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B2B eCommerce and user-experience design

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Over the last couple of years, we’ve been witnessing a gradual transition from traditional shopping in physical stores to eCommerce platforms. A growing number of businesses have started on a path to digital transformation by incorporating digital purchasing, remote work, or technologies driven by artificial intelligence (AI).

More and more customers are starting to use digital interfaces instead of talking to salespeople. That means that those interfaces need to be easy to use and functional enough to replace a typical interaction with a real person. This is where eCommerce meets user-experience design (UXD), a field that is concerned with providing accessible, smooth, and seamless experiences to users of digital products.

The COVID-19 pandemic only accelerated this change. Online shopping practically exploded in the days of lockdowns and social distancing, and even in the post-pandemic world, this trend is clearly not going to go away. According to findings from McKinsey research, the pandemic accelerated several years of eCommerce adoption into just a couple of months.

What’s more, 96% of buyers plan to continue leveraging online procurement in the long term. It’s also forecasted that by 2040, 95% of retail purchases are likely to be made online and traditional retail may hardly matter.

Since using eCommerce has become a daily practice around the world, it's not surprising that consumers are now expecting a similar level of experience when procuring for a business. Retailers who don’t transform to meet these demands are facing the risk of losing relevance with their customers.

Unfortunately, adjusting to this new landscape isn’t as simple as copying the practices that were designed for B2C into a B2B model. The field of UXD teaches us that a successful product or service needs to be designed with the user and specific context in mind. Over the years of designing for both consumers and businesses, we found that there are significant differences in customer behavior between these two domains.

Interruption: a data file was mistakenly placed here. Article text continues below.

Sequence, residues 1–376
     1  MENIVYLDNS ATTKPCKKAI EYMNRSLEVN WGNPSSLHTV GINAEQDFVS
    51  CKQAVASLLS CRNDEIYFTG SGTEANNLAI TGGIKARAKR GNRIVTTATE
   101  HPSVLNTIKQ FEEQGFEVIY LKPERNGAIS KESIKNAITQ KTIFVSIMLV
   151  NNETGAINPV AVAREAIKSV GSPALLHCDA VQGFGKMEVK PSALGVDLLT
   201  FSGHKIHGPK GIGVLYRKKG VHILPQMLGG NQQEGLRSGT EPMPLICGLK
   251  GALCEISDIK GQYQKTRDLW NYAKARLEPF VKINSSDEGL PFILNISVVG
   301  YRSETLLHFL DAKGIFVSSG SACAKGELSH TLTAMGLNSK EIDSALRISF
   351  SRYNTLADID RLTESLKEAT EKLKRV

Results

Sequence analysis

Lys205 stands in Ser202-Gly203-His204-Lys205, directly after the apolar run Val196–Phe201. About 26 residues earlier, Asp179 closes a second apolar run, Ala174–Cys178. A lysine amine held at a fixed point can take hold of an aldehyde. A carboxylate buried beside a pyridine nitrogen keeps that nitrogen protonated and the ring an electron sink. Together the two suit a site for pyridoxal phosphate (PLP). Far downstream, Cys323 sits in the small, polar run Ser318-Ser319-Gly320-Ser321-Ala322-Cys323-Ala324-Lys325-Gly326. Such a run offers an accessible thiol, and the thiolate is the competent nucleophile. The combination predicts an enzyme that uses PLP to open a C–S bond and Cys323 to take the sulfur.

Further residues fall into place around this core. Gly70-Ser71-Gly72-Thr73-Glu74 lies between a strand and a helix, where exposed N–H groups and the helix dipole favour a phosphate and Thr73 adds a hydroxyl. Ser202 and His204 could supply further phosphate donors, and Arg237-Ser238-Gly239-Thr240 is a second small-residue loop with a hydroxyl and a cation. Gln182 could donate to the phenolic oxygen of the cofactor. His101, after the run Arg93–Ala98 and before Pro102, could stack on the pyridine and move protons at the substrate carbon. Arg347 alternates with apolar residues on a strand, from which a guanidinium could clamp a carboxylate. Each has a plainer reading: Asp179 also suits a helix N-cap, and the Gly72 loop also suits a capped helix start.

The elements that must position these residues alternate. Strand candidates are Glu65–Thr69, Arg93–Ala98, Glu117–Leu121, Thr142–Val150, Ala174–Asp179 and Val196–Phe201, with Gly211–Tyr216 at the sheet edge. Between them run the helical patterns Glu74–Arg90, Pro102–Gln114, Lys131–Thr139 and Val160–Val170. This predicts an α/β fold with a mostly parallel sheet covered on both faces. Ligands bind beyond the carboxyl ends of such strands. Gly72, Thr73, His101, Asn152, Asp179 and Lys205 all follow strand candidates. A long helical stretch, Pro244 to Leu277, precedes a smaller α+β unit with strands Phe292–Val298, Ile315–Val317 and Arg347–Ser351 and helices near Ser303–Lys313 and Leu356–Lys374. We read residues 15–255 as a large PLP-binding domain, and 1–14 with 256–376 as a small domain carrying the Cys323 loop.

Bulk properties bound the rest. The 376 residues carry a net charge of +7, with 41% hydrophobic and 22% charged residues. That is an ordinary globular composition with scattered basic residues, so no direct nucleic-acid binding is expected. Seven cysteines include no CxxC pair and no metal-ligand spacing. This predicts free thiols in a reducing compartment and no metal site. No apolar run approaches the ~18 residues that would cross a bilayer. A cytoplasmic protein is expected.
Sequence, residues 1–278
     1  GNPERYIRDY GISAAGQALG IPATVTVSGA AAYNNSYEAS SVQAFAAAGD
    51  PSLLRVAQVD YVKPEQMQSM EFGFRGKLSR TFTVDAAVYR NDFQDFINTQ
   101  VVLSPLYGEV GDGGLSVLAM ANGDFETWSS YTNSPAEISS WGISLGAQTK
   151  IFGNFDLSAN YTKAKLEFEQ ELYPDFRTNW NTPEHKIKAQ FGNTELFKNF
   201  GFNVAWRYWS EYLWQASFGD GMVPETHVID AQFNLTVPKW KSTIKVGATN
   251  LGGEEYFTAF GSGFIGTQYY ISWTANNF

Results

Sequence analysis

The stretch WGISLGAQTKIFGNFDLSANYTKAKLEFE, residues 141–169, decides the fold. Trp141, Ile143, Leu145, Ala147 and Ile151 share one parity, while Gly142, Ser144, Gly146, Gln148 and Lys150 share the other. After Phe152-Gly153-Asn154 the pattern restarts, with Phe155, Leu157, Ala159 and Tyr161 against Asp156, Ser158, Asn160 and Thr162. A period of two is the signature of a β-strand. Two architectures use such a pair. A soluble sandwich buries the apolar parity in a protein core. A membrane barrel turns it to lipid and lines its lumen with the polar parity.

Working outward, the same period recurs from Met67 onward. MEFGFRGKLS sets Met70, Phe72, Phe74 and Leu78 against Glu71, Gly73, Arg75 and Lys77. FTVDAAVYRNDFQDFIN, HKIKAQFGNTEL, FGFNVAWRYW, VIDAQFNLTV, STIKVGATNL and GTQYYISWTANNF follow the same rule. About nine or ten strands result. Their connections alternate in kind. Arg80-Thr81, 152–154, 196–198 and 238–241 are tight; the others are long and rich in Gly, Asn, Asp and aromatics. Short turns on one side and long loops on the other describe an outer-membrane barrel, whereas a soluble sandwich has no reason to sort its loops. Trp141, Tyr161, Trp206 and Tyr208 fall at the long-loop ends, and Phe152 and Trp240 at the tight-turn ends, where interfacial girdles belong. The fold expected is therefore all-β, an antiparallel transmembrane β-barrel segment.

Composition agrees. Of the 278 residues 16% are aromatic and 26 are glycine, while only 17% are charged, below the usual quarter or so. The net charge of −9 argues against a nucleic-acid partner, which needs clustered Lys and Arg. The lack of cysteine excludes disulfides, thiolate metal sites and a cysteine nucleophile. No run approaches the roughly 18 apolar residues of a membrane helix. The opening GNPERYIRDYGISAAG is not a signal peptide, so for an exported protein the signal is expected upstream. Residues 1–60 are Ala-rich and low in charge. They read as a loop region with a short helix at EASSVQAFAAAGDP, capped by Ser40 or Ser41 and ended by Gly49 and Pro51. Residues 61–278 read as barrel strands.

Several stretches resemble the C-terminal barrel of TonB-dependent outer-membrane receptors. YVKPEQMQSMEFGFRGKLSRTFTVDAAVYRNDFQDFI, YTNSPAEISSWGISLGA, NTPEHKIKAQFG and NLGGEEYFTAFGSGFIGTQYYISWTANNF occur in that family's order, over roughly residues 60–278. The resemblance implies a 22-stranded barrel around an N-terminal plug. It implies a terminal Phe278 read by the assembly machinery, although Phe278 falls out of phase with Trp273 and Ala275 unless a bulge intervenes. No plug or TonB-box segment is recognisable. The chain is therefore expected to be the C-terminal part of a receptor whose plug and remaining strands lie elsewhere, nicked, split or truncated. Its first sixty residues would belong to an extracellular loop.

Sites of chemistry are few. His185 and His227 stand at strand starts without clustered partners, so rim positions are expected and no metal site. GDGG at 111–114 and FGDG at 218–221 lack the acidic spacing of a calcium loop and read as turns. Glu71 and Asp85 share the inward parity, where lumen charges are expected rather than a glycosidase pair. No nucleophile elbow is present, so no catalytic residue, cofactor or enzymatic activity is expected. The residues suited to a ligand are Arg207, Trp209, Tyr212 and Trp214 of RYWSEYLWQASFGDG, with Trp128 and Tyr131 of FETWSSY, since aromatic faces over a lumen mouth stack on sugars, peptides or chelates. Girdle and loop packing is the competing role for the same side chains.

Expert, problem-driven users

Business purchasing will often be done in a highly professional way. That means that B2B eCommerce needs to support the behaviors of expert users. It also has some practical implications when it comes to what the user interface (UI) should look like. When compared to B2C, a larger number of B2B customers might want to perform very specific searches, for instance, by technical parameters, SKU, or a part number. Expert users also tend to benefit from navigational shortcuts, like breadcrumbs. Additionally, we need to make sure that the labels used on the website closely match the vocabulary used across the industry so they don’t mislead or confuse customers.

Although most B2B customers might be industry experts, we also need to account for those less proficient, those who are new to the field, or customers just visiting the platform for the first time. For that reason, it’s important to make sure that industry-specific and technical terms are explained in the UI. Novice users should also be able to benefit from easy site navigation that guides them in the right direction.

Companies don’t rush their decisions regarding procurement, and it’s unlikely to see impulse buying in B2B shopping. Decisions are usually made after careful consideration and a fair amount of research. Because of that, it’s key to provide detailed product information in a way that supports making an informed choice. Clear product descriptions and specifications, manuals, training materials, and regulatory or safety guidelines should be available for users whenever relevant.

However, focusing on quality content doesn’t mean that B2B sites can ignore visual aids. Studies show that each product should be accompanied by at least three to five photos that are taken from different angles and showcase the most important features of the product. For certain items, videos or 3D rendering might be a good way to convey information.

A complex customer journey

B2B shopping differs notably from buying a winter jacket or shopping for groceries. For one thing, more people are likely to be involved in the decision-making process with a business. An employee who’s going to be the end-user of the product might be asked to do initial research and shortlist top choices. Next, they might need to be reviewed and approved by a manager before they go to the procurement team that would finalize the purchase. Your platform needs to support all these people at every step of the way.